Ozone Safety Concerns:
-Ozone in the air can be harmful at high levels
-Short term health effects will be noticeable:
*Shortness of breath
*Severe pain in lungs (at levels above 1.0 ppm)
-No major health concerns, aqueous ozone is very stable
-Drinking aqueous ozone may create upset stomach
-Gaseous ozone can off-gas into the air from aqueous ozone
*Ozone in air will react differently than ozone in water, therefore no major health risks exists with aqueous ozone. However, it is possible for ozone to off-gas from the water into the air, creating gaseous ozone from aqueous ozone. Keep this in mind when working with aqueous ozone.*
OSHA (Occupational Safety and Health Administration):
*OSHA Permissible Exposure Limit (PEL) guidelines for O3 in the workplace are based on time-weighted averages (TWA). 0.1 ppm for 8 hour work shift for a 40 hour work week.*
-OSHA requires that if you are generating ozone that you measure this ozone level for safety purposes
-The OSHA website cites the following exposure limits for ozone in the workplace:
*0.1 ppm PEL for 8 hours per day (TWA) exposure for General Industry
*0.1 ppm PEL for 8 hours per day (TWA) exposure for Construction Industry
*0.1 ppm PEL for 8 hours per day (TWA) exposure for Shipyard Employment
*0.3 ppm Short Term Exposure Limit (STEL) for a 15 minute time weighted average (TWA) exposure which is not to be exceeded at any time during a workday even if the time-weighted average is below the PEL.
Below is the calculation that can be used for the cumulative exposure for the 8 hour work shift:
(Ca Ta+Cb Tb+. . .Cn Tn)÷8 = E
*E is the equivalent exposure for the working shift. (Ozone = 0.1 ppm)
*C is the concentration during any period of time (T) where the concentration remains constant.
*T is the duration in hours of the exposure at the concentration C.
([0.5ppm x 1 hour] + [0.02 x 2 hours] + [0.052ppm x 5 hours]) ÷ 8 = 0.1 ppm
Ozone levels can be higher than the 0.1ppm standard for a short period of time as long as low levels at other times of the day still equal out to 0.1ppm of ozone over the 8 hour shift.
For example (0.1 all day):
(0.1ppm x 8 hour) ÷ 8 = 0.1
When using this calculation the value of E should never exceed 0.1 ppm of ozone in an 8 hour work shift.
For more information see the OSHA web page regarding ozone here.
NIOSH (National Institute for Occupational Safety and Health):
*NIOSH safety and health standards are not enforceable under US law. NIOSH does “develop recommendations for health and safety standards” that may influence future law and OSHA regulations.*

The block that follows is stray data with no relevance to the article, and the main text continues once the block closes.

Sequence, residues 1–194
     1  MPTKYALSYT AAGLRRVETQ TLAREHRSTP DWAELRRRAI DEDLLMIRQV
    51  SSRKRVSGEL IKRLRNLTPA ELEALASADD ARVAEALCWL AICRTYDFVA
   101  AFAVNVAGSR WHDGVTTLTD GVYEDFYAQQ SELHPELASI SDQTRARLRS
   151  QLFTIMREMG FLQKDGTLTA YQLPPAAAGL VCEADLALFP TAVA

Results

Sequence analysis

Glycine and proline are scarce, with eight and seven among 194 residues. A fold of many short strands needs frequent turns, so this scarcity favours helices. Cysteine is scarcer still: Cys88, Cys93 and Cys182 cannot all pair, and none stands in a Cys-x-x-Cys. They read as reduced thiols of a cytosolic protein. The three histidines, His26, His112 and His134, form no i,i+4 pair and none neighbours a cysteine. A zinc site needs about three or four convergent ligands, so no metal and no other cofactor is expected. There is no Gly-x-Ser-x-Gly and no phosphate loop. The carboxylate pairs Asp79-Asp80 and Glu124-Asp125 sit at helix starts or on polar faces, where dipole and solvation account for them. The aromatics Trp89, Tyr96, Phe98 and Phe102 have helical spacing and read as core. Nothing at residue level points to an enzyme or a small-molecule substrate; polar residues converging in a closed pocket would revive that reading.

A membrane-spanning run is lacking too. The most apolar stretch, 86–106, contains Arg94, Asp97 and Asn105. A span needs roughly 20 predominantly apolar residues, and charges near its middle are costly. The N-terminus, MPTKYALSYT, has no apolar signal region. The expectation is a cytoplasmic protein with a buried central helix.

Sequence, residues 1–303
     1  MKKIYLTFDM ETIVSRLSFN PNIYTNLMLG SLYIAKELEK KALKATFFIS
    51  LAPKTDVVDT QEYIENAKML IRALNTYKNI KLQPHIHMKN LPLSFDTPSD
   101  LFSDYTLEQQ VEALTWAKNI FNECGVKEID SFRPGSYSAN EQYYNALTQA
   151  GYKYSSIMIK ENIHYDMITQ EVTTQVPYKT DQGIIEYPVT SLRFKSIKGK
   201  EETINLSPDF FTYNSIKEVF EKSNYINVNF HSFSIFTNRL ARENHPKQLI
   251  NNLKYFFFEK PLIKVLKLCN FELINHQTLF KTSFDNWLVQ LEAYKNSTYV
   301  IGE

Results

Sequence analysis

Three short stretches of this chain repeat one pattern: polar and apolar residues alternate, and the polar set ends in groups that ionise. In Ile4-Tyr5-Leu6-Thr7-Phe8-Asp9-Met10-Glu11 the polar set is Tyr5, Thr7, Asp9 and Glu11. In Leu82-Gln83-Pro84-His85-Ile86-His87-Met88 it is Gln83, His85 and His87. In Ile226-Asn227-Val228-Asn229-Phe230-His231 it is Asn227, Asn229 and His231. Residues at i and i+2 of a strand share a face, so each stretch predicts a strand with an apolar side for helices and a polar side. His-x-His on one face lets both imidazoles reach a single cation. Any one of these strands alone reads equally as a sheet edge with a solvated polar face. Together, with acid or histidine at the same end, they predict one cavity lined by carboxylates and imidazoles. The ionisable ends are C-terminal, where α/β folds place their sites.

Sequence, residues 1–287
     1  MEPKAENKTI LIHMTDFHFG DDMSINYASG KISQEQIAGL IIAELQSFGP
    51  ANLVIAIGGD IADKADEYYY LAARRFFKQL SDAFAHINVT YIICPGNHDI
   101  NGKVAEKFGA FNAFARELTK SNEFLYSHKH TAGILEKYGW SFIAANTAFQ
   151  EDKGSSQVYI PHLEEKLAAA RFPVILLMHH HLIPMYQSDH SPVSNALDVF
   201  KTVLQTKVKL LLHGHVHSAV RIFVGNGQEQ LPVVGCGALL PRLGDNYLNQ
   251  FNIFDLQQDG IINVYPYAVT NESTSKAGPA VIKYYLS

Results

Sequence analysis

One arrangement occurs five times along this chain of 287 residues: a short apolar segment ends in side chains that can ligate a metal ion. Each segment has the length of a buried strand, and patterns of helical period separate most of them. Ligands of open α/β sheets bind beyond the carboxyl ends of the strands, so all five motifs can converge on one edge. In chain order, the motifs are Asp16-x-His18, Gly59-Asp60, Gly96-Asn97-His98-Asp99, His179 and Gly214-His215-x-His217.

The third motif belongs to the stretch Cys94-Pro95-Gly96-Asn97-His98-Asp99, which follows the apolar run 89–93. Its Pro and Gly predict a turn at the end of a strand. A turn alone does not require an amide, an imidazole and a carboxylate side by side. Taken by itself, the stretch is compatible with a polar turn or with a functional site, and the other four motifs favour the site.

-Max recommended exposure limit is 0.1 PPM
-Ozone levels of 5 PPM or higher are considered immediately dangerous to life or health
*Up to 1 ppm
*Any ozone rated cartridge respirator
*Any supplied air respirator
Up to 2.5 ppm
*Any supplied air respirator operated in a continuous flow mode
*Any powered air purifying respirator
Up to 5 ppm
*Add face mask to respirator
Entrance into unknown concentrations
*Self contained breathing apparatus with full face mask
EPA (Environmental Protection Agency):
*The EPA measures, tracks, reports, and regulates ground level ambient ozone levels in large cities throughout the United States.*
Good Up High, Bad Nearby
Ground level ozone:
-Ozone near the ground is considered pollution by the EPA and is regulated
Ozone generators that are sold as air cleaners:
-EPA does not recommend, or regulate ozone generators, it does offer safety information
Ozone Air Quality Standards:
-Primary and secondary ozone standard levels are 0.070 ppm
-Primary standards set limits to protect public health, including the health of "sensitive" populations such as asthmatics, children, and the elderly.
-Secondary Standards set limits to protect public welfare, including protection against visibility impairment, damage to animals, crops, vegetation, and buildings.
-Link for Ozone safety standards from the EPA
National Ambient Air Quality Standard for Ground-Level Ozone:
Ozone Measurement Basics:
-Ozone is heavier than air and can sink
-Ozone has a low vapor pressure and so it does not try to fill the room uniformly.
*This makes ozone difficult to find and potentially unsafe ozone levels in one area while others are safe
*Ozone leaks are difficult to find due to this tendancy
-Ozone tends to cling to rough surfaces such as fabrics
*While you may smell ozone residual with your nose, your detector finds no ozone. This may be confusing at times
-Ozone reverts back to oxygen with a "half life" typically of 10-30 minutes.
-Ozone has a sweet smell, but the odor threshold varies widely by the person and by ambient conditions. Therefore "smell" is not a reliable test for the presence or concentration of ozone.
-Senses can be desensitized to ozone very quickly, always use high quality ozone gas detectors for safety, your nose is not acceptable.
-Most Important - What is the ozone concenctration at the breathing level where the room occuptants will be?
-Link to - Tech tip from EcoSensors on measuring ozone in air
-Link to - Tech tip on measuring ozone in room with ozone generator
Oxidation Tech offers a full range of ozone monitors:
Important Concepts Regarding Ozone Safety:
-Odor threshold of ozone is ~ 0.02 – you can smell ozone before it will harm you
-Effects of ozone exposure are a function of time and concentration
Low level exposure – get fresh air
High level exposure – seek medical attention